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Posted by gyrfalcon on April 13, 2003 at 15:05:47:
In Reply to: When good sand boas go bad, or, cannibalism in Eryx jayakari posted by jfmoore on April 13, 2003 at 04:09:17:
I had a breeding pair of desert sand boas, they had lived together and were bred together for years. They lived in the same tank together with no problems for 8 years. I always fed them seperatly, though. One day, I went into my snake room, and found the female regurgitating the male. She got sick very soon after this, and died from liver and kidney disease. I don't know if it was because she ate the male or not, that she died. who knows...
:I thought folks might be interested in this series of photographs showing one Arabian sand boa, Eryx jayakari, consuming a smaller one. I found them on the website of the Breeding Centre for Endangered Arabian Wildlife (http://www.breedingcentresharjah.com/Home.html) in Sharjah, United Arab Emirates. As there was not much accompanying information, I emailed them and got a response from the head of the reptile department, Damien Egan, part of which follows:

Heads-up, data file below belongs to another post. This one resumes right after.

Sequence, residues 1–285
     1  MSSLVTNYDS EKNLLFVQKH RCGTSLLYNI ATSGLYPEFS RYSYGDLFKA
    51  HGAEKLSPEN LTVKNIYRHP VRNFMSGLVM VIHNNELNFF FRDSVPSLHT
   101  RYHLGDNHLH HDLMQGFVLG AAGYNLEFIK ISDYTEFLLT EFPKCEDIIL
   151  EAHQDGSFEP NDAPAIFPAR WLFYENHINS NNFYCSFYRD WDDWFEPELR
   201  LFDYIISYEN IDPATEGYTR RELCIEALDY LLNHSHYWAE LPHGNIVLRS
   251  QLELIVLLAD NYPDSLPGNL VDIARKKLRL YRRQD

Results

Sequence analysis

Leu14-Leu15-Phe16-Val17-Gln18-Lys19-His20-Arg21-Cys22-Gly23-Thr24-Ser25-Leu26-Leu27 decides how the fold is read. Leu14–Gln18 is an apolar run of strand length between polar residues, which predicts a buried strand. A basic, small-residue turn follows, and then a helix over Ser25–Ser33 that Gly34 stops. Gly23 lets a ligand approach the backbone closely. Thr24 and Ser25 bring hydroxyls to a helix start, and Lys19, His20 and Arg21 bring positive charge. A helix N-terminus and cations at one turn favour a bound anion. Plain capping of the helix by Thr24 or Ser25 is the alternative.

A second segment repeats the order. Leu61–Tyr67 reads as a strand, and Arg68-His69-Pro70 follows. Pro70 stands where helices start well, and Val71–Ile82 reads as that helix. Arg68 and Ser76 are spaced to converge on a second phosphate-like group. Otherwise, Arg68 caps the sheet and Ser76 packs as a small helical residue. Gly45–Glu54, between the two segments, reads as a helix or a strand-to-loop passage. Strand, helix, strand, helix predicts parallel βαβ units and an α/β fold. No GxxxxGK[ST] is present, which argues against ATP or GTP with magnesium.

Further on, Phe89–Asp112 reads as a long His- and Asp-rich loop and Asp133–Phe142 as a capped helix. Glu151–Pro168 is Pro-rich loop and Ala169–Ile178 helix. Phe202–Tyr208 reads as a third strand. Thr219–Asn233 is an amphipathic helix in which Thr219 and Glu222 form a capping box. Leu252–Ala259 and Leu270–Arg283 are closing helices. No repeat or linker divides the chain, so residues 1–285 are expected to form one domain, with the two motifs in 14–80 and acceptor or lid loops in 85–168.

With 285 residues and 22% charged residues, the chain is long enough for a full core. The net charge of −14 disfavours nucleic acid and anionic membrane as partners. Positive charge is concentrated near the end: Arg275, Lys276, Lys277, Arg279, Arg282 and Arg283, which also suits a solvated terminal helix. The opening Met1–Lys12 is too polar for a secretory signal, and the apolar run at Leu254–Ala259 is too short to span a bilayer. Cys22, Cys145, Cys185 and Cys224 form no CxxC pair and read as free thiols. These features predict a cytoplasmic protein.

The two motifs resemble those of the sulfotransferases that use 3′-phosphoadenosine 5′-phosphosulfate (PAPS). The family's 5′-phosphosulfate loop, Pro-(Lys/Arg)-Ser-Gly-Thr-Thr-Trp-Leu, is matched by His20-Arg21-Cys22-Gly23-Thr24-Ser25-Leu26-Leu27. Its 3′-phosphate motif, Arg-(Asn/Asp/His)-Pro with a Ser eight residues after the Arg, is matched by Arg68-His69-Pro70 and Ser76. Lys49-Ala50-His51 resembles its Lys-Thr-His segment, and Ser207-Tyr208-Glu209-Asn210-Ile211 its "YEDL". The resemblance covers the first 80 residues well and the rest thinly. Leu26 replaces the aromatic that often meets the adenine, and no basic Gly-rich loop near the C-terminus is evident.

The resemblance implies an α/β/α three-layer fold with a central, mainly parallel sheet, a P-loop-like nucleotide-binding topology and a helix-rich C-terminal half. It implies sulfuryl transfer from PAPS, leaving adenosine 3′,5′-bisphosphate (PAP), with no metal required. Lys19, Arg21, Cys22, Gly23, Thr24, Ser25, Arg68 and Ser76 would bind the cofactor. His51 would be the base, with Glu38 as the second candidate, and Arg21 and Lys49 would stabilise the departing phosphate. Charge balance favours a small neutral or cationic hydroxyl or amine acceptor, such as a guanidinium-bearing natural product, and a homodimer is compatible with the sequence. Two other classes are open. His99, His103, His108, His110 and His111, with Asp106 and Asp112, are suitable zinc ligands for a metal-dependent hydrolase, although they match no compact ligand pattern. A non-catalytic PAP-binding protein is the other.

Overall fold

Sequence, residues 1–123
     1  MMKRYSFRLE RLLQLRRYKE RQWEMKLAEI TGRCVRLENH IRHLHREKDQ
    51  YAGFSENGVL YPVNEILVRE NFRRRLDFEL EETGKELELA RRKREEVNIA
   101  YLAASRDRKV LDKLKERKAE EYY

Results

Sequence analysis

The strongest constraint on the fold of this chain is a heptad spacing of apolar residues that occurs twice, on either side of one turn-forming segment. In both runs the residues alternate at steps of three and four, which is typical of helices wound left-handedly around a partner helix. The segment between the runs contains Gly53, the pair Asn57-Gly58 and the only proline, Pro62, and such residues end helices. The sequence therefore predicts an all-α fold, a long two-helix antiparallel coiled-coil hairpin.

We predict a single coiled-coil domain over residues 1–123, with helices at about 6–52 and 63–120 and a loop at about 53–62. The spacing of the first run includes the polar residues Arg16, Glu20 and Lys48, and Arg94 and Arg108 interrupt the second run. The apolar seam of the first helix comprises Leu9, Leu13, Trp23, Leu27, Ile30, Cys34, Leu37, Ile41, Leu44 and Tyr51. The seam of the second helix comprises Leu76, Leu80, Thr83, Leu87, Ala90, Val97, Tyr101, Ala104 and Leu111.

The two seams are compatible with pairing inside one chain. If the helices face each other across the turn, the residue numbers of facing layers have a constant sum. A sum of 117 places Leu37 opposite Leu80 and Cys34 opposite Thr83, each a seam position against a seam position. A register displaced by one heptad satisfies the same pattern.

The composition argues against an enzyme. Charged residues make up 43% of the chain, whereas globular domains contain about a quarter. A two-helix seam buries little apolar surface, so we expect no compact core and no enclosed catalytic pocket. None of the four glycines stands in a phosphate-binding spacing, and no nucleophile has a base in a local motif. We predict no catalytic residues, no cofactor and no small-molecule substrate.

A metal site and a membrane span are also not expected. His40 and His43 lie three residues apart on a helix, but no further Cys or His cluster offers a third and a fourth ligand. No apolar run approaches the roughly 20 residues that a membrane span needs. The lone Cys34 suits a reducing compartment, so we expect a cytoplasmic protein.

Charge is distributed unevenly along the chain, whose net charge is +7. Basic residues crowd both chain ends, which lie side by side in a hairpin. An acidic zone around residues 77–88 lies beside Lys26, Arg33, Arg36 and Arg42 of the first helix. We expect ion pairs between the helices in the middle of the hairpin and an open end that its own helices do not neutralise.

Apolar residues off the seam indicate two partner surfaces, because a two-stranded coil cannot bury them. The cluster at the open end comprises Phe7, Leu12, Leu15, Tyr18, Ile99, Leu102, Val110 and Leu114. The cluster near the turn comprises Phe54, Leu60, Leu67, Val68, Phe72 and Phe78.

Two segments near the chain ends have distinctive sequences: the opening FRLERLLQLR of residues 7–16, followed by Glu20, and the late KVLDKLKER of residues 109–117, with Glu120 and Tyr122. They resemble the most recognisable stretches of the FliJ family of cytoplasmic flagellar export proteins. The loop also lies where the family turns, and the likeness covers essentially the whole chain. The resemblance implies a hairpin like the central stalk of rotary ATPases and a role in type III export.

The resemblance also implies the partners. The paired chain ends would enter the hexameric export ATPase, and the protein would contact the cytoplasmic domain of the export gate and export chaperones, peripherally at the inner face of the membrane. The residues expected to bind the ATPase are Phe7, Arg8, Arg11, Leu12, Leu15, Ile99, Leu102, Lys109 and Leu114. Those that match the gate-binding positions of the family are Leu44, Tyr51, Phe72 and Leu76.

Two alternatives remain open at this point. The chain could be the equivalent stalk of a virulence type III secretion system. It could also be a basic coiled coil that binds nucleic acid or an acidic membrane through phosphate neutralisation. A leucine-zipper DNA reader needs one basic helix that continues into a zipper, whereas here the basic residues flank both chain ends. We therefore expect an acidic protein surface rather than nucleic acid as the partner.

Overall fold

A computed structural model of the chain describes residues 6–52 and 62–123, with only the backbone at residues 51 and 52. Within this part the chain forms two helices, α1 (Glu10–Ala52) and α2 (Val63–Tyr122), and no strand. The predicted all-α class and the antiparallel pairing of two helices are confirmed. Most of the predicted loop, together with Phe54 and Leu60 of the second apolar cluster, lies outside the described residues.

: “The series of photos of the sand boa feeding on a smaller sand boa took place years ago, and I never saw the incident first hand.
:A small sand boa was captured and placed in a terrarium with a larger specimen. The larger specimen then proceeded to kill and begin to swallow the smaller specimen before anyone had returned to observe the scene. As it was too late to save the little boa, the person responsible took advantage of the situation and took some photographs.
:Arabian Sand Boas Eryx jayakari are tiny boas and feed predominantly on geckos and amphisbaenians. I have never since heard of an incident where cannibalism has taken place in this species.
:Very large specimens will feed occasionally on gerbils, shrews and mice, but the bulk of their diet will probably consist of reptiles.”
:Since I espouse keeping snakes one to an enclosure, I was surprised recently when I realized how many of my own cages contained more than one animal each. I can’t recall ever having an incidence of cannibalism in my collection, but I guess the artifice of captivity has the potential to produce atypical behavior in any animal.